I know how I view Haiti- a place that has a resilient, prideful people, the place where my family was born, a place with a rich culture, a place that holds the key to who I am, and a place I must visit. For all the positive reasons I want to visit, it’s the negative reasons about Haiti that prevent us from going to serve them. I also believe that pride is a sickness for the people there. Haitians are a prideful people. I see it in my family (and extended family).

Prior to the most recent riots and protests. I asked my oldest sister if we should plan a trip together to Haiti- the siblings. She indicated I was doing it the best way…through my church. My church, LifeAustin, coordinated the trip through Mission of Hope Haiti (MOH). MOH coordinates trips to Haiti with churches all over. I think there are more protections working through agencies such as this one. MOH informed our church contact they were canceling the next few trips. We don’t know for how long yet. I hope to get more answers on Sunday.

It’s definitely a bummer my son and I aren’t going at this time, but things happened as they should have. In this process, I was reminded that my family and friends will support me no matter what as we received a significant amount in financial donations from them to get us to Haiti. I was reminded, if you ask, you will receive, but again, you have to ask. There was no shame or pride in my game. Over the years, I’ve worked hard to release pride and it’s not easy.

What I ask of you is to pray for Haiti. Educate yourself on the country if you haven’t already. I come from a long line of beautiful, resilient, and strong people. One day, I will see Haiti with my own eyes.

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Faith moves

Ok. Ok. I’ve been slacking on my blog. In all fairness, I’ve had an unusually busy May with two work travel trips, Mother’s day and my birthday. May was also very emotionally draining. May served as a painful reminder that my mom is gone. I felt as though I was grieving all over again during my birthday weekend. Eventually, it passed, but it took its toll. I’m still not getting enough sleep. I feel like I’m struggling to keep up at work. I’ve decreased the duration and intensity of my workouts mostly because of my long work days. However, I did kiss goodbye my love affair with pastries, cookies, and other sweets and stopped eating them cold turkey.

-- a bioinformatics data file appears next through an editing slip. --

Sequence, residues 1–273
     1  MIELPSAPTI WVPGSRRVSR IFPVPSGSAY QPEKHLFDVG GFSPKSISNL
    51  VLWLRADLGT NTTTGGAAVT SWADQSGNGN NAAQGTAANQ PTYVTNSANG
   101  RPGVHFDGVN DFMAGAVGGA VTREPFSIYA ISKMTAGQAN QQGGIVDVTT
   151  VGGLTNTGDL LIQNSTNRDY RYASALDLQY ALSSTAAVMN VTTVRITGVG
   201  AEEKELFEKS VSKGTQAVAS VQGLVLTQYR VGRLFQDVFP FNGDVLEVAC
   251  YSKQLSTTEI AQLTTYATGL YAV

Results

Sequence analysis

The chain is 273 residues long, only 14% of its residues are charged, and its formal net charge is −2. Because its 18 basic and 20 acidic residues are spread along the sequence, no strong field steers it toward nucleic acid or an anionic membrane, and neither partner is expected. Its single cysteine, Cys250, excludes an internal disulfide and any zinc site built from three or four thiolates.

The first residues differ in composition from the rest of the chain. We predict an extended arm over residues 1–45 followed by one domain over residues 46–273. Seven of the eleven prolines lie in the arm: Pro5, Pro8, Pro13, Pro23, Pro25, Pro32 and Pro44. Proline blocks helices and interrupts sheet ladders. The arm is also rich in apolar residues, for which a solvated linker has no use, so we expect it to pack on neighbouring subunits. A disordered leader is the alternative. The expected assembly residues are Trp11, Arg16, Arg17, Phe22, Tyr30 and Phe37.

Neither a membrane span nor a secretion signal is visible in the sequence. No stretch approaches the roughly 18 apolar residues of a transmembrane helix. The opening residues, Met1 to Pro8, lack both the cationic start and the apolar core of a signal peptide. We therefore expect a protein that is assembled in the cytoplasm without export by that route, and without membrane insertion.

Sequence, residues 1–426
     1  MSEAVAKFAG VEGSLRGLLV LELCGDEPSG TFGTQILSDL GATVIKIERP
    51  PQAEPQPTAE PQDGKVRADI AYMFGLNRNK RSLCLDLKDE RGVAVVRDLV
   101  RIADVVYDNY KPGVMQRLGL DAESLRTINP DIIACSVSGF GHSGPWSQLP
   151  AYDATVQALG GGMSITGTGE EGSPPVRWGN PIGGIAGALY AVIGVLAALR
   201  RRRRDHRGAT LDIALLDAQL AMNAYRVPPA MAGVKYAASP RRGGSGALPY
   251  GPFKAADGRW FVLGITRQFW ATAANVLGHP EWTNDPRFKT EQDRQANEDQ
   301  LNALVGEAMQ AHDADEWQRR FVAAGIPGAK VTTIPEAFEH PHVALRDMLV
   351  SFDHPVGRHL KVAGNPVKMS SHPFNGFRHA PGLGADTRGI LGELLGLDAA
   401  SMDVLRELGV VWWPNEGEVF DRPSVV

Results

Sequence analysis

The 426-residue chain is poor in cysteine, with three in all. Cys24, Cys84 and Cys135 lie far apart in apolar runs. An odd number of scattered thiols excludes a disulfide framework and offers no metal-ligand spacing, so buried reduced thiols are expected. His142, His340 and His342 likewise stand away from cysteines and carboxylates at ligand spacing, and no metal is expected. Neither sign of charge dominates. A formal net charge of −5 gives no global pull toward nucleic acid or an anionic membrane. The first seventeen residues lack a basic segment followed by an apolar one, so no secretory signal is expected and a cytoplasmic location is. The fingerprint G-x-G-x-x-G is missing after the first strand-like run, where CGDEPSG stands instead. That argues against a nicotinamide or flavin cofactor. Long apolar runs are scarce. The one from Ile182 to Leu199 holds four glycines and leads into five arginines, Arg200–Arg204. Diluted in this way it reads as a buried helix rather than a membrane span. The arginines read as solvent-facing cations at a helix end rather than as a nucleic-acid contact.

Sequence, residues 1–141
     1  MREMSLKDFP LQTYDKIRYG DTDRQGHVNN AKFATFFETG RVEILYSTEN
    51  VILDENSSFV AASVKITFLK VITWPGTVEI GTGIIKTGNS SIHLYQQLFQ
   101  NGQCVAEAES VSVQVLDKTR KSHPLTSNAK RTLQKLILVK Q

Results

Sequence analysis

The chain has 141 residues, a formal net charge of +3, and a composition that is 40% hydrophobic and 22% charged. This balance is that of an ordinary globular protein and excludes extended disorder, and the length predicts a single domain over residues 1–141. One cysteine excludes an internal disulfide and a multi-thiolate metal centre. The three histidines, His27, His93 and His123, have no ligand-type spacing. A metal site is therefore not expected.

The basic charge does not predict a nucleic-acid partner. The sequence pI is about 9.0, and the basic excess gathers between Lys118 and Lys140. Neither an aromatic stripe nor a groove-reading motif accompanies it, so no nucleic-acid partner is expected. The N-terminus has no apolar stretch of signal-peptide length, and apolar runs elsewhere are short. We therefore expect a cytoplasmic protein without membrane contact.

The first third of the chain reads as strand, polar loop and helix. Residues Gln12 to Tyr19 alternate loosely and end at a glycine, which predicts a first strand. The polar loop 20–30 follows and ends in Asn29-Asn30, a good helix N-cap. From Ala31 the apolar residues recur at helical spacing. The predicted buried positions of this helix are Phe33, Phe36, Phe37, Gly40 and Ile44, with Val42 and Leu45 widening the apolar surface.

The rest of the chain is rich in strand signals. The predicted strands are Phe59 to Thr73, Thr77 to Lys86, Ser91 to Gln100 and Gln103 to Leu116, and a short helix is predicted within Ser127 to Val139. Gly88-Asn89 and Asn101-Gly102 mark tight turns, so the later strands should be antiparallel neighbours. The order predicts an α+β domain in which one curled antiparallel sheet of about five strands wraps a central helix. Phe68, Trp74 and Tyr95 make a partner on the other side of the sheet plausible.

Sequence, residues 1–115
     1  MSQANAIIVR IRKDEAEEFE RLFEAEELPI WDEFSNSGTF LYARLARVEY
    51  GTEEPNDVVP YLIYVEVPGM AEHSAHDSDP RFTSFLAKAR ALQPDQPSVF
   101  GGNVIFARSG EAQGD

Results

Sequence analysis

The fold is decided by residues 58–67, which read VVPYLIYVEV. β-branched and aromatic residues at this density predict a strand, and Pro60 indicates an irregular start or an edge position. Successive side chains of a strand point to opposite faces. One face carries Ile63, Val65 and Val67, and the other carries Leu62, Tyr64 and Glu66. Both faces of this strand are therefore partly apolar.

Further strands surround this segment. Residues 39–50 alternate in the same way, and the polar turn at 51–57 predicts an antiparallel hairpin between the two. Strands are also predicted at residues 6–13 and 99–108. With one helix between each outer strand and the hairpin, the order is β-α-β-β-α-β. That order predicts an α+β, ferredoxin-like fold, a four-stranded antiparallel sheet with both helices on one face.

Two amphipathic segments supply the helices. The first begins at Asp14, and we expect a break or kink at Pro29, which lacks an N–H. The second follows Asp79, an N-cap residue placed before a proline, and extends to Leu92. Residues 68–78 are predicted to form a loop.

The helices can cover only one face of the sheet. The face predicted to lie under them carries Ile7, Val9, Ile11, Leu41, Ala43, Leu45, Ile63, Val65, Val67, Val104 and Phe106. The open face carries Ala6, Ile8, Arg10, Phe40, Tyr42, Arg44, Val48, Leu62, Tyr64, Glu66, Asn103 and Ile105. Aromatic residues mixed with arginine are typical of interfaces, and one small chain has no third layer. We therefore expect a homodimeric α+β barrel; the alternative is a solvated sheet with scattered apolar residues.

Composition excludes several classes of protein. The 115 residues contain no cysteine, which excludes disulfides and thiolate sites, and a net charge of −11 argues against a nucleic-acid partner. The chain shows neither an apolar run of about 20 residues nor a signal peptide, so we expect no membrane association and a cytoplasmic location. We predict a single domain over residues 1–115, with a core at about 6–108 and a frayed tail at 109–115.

I also made a monumental decision in May that is exciting and daring – my son and I are going on a week long mission trip to Haiti. When I learned our church was planning this for July, I knew I had to go to commemorate my mom, especially since July is the one year anniversary of her passing. Knowing I’m finally going to visit the island where my parents and siblings were born has eased some of my sadness from missing her. The sadness has been replaced with excitement.

Initially, I thought I would go solo, but my son, Caleb, said he wanted to go too, which surprised me…even after he learned what we would be doing. I’m really impressed that he knows the purpose of the trip is to serve and he is still all in. I’ll write more about the trip in later posts. I wasn’t completely sure how we would produce funds for both of us, but I made a faith move. We sent letters to family and friends asking them to donate on our behalf. I knew there was no turning back once I emailed the letters. We’ve already gotten some donations. Caleb is looking for a summer job to help, plus he wants to save for a new laptop.

June came with a lovely visit from my sister early in the month. What’s so sweet is she’s promised to visit us in Austin every year like my mom used to do. My mom has come to Texas more than anyone on either side of our families, which magnifies how much she supported me.

As much as I’d like to maintain some balance in my life, something inevitably comes up that tips the scales, so I have to adjust. For example, after my kids dental appointment this week, we learned one needs braces and the other needs several fillings for all the cavities in his mouth. Really?